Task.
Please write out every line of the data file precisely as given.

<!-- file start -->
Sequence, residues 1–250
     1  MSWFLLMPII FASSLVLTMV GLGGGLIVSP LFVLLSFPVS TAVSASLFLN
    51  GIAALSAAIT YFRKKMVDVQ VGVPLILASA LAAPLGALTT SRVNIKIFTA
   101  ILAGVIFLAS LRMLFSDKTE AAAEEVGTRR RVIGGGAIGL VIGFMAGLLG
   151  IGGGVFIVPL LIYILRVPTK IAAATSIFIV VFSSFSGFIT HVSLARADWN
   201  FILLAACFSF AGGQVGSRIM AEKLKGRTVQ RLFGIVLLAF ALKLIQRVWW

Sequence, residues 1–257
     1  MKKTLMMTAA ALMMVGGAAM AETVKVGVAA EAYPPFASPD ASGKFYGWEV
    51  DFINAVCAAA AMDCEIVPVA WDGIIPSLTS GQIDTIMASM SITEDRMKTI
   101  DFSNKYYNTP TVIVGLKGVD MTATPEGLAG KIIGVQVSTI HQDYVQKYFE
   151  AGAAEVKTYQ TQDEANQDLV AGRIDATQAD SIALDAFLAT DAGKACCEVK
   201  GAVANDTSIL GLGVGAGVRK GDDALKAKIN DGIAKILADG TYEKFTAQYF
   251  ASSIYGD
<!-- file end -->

Sequence, residues 1–250
     1  MSWFLLMPII FASSLVLTMV GLGGGLIVSP LFVLLSFPVS TAVSASLFLN
    51  GIAALSAAIT YFRKKMVDVQ VGVPLILASA LAAPLGALTT SRVNIKIFTA
   101  ILAGVIFLAS LRMLFSDKTE AAAEEVGTRR RVIGGGAIGL VIGFMAGLLG
   151  IGGGVFIVPL LIYILRVPTK IAAATSIFIV VFSSFSGFIT HVSLARADWN
   201  FILLAACFSF AGGQVGSRIM AEKLKGRTVQ RLFGIVLLAF ALKLIQRVWW

Sequence, residues 1–257
     1  MKKTLMMTAA ALMMVGGAAM AETVKVGVAA EAYPPFASPD ASGKFYGWEV
    51  DFINAVCAAA AMDCEIVPVA WDGIIPSLTS GQIDTIMASM SITEDRMKTI
   101  DFSNKYYNTP TVIVGLKGVD MTATPEGLAG KIIGVQVSTI HQDYVQKYFE
   151  AGAAEVKTYQ TQDEANQDLV AGRIDATQAD SIALDAFLAT DAGKACCEVK
   201  GAVANDTSIL GLGVGAGVRK GDDALKAKIN DGIAKILADG TYEKFTAQYF
   251  ASSIYGD